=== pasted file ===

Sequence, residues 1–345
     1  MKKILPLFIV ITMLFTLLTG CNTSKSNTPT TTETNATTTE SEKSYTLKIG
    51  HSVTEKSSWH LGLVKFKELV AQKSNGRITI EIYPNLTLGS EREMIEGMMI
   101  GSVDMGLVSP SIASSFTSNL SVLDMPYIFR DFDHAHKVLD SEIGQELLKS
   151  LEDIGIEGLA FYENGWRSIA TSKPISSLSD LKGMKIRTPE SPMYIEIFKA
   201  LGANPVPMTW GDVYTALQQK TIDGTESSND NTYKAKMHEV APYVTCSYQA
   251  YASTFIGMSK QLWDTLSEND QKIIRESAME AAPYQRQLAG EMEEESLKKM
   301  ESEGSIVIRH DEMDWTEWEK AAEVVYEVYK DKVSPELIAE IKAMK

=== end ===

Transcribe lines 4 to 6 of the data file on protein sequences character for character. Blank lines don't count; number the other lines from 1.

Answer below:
   101  GSVDMGLVSP SIASSFTSNL SVLDMPYIFR DFDHAHKVLD SEIGQELLKS
   151  LEDIGIEGLA FYENGWRSIA TSKPISSLSD LKGMKIRTPE SPMYIEIFKA
   201  LGANPVPMTW GDVYTALQQK TIDGTESSND NTYKAKMHEV APYVTCSYQA